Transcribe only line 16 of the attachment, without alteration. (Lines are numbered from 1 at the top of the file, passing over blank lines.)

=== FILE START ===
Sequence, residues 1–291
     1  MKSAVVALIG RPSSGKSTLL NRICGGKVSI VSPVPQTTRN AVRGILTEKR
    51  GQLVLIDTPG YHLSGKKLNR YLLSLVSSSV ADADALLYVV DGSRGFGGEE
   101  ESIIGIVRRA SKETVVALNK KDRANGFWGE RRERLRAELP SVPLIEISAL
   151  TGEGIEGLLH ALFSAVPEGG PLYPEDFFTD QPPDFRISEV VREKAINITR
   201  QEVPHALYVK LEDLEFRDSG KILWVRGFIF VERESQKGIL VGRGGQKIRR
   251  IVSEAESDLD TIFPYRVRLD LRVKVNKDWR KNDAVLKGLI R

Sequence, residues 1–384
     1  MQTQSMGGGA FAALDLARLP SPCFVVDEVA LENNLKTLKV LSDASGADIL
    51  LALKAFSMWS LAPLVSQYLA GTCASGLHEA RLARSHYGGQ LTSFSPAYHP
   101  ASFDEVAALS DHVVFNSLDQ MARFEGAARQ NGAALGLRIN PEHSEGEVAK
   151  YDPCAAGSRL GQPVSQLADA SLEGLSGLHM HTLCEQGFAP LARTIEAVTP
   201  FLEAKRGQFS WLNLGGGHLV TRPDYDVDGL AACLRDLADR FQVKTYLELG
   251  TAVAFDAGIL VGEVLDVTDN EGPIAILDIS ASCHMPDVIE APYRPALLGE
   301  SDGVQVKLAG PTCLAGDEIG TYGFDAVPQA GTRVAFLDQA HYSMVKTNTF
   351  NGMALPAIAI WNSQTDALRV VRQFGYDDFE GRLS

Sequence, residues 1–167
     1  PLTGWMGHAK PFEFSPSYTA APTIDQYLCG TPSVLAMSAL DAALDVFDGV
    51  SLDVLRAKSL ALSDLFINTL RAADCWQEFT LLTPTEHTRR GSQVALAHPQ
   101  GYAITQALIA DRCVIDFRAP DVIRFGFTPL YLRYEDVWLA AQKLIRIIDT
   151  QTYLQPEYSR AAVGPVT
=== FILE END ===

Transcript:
   351  NGMALPAIAI WNSQTDALRV VRQFGYDDFE GRLS